The effects of meditation, yoga and support groups for the breast cancer survivors can be noticed on cellular level.

A study conducted by Canadian experts, which brings unambiguous biological proofs about relation between the mind and the body, was published in the magazine “Cancer” in November 2014.


The team of scientists from the Oncology Center Tom Baker and oncology apartment at the University in Calgary, proved that telomeres (nucleoprotein structures at the ends of the chromosomes) withhold their length in breast cancer survivors who practice meditation or included in the support groups. In the other group where the people didn’t use any meditation or intervention, telomeres were shortening.

Although, the properties of telomeres which are regulating the diseases aren’t fully known, shorten telomeres are related with several health conditions like cell aging, while the longer telomeres have protective properties against diseases.

“We already know that psychosocial interventions, like meditation are helpful for better mentally feeling, and now, for the first time we have proofs that they can affect our crucial biological aspects”, says Linda E. Carlson, the leader of the team.

“It was surprising to see the difference in the telomeres’ length during the research that lasted for three months”, said Carlson. “Further studies are required in order to quantify these potential health effects better, but this is surely exciting discovery which provides encouraging news.”

In this research were subjected 88 breast cancer survivors, who had to pass the three month treatment. The average age of the subjects was 55, and most of them finished their treatment two years ago. In order to be eligible for this research, they had to experience significant levels of emotional stress.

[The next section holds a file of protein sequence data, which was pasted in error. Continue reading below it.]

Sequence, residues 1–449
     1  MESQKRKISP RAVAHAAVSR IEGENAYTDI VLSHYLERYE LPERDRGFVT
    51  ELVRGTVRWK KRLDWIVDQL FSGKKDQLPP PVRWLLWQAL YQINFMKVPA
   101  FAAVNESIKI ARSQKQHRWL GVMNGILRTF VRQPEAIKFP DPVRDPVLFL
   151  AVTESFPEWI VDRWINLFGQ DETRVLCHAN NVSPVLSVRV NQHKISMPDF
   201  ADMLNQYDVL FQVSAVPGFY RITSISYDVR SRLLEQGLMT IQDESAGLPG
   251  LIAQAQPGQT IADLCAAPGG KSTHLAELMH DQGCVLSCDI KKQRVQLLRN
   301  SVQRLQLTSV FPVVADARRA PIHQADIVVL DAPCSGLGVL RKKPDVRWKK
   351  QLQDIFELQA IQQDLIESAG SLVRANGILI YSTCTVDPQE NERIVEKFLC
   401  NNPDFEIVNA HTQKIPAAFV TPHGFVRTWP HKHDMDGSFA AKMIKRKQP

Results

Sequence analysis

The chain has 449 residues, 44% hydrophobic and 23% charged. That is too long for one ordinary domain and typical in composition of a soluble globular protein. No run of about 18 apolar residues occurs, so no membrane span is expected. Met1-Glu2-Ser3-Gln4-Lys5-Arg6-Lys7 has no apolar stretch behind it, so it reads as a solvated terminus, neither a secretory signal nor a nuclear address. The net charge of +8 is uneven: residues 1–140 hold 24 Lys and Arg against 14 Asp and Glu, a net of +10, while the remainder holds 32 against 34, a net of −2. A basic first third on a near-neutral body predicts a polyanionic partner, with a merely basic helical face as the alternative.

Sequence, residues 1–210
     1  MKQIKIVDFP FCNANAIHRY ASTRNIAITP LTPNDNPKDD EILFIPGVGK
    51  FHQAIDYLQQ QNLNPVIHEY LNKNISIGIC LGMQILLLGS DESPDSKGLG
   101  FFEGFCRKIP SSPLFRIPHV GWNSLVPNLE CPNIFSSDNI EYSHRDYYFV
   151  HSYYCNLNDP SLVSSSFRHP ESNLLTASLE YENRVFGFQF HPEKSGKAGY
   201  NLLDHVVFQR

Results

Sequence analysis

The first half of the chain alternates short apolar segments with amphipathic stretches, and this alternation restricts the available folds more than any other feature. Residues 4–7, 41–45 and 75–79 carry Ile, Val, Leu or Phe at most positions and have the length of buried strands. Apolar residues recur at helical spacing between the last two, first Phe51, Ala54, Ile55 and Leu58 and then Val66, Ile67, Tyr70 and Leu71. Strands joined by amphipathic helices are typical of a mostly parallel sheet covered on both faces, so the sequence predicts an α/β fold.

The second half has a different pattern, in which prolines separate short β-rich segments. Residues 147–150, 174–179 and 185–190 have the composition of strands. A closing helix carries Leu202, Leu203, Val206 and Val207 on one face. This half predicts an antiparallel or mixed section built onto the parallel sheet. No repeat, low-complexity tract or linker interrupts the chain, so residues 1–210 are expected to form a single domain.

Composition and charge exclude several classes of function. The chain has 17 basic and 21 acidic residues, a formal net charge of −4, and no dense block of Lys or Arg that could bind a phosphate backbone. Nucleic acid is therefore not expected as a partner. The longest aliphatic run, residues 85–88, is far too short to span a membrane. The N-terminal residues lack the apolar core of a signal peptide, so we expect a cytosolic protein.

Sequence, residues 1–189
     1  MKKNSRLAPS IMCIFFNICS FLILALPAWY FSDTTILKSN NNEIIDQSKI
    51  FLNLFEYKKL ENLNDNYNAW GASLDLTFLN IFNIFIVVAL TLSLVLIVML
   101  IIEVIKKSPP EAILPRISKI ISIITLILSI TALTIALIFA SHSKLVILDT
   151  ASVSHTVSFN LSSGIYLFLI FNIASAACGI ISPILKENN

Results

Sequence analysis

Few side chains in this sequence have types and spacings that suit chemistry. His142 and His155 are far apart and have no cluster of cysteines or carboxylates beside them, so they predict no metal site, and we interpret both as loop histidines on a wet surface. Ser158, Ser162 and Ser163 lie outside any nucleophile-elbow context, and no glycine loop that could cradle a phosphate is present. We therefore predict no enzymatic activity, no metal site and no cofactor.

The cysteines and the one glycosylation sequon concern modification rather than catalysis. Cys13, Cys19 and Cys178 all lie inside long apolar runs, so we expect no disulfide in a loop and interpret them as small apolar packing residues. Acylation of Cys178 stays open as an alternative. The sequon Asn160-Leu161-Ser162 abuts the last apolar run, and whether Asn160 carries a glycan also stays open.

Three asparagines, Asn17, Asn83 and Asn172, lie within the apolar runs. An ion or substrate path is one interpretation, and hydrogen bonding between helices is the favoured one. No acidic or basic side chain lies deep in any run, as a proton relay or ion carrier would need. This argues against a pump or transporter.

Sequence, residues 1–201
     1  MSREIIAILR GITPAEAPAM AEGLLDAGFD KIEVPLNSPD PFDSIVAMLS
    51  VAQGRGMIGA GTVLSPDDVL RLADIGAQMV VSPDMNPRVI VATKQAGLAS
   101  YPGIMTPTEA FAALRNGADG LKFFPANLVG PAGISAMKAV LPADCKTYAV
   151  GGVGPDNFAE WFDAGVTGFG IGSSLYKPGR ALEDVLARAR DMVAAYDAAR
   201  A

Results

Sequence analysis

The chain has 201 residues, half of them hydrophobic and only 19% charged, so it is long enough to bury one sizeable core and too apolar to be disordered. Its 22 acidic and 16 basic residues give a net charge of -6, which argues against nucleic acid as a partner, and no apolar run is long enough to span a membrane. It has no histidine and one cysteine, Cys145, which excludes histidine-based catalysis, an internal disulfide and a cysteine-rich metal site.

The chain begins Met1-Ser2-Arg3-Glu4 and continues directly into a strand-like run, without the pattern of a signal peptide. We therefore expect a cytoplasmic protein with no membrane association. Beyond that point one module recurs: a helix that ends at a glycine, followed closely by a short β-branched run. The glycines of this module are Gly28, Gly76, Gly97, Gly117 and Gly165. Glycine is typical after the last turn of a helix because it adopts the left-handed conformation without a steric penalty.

The subjects from the first group attended 90 minutes sessions during the first eight weeks, in which they learned the basics of focused meditation and yoga, which goal was adapting non-judgmental awareness in the present moment. The subjects were obligated to practice meditation and yoga at home for 45 minutes a day.

In the therapeutic support group, the attendants were meeting for 90 minutes during the 12 weeks and they were encouraged to speak open about their problems and feelings. The goal was to establish mutual support and lead the women through the expression of a broad spectrum and hard and positive emotions, rather than repressing and suppressing them.

The telomeres in every subject were measured before and after the treatment.

“I was skeptical at the beginning and thought that it was nonsense”, says Alison McPherson who was subjected on chemotherapy and many difficult surgeries in just one year. “Still, now I practice consciousness through the whole day which reminds me that I have to be less reactive, and more kind to myself and the others around me”.

Yet, the scientists aren’t sure if this effect is permanent.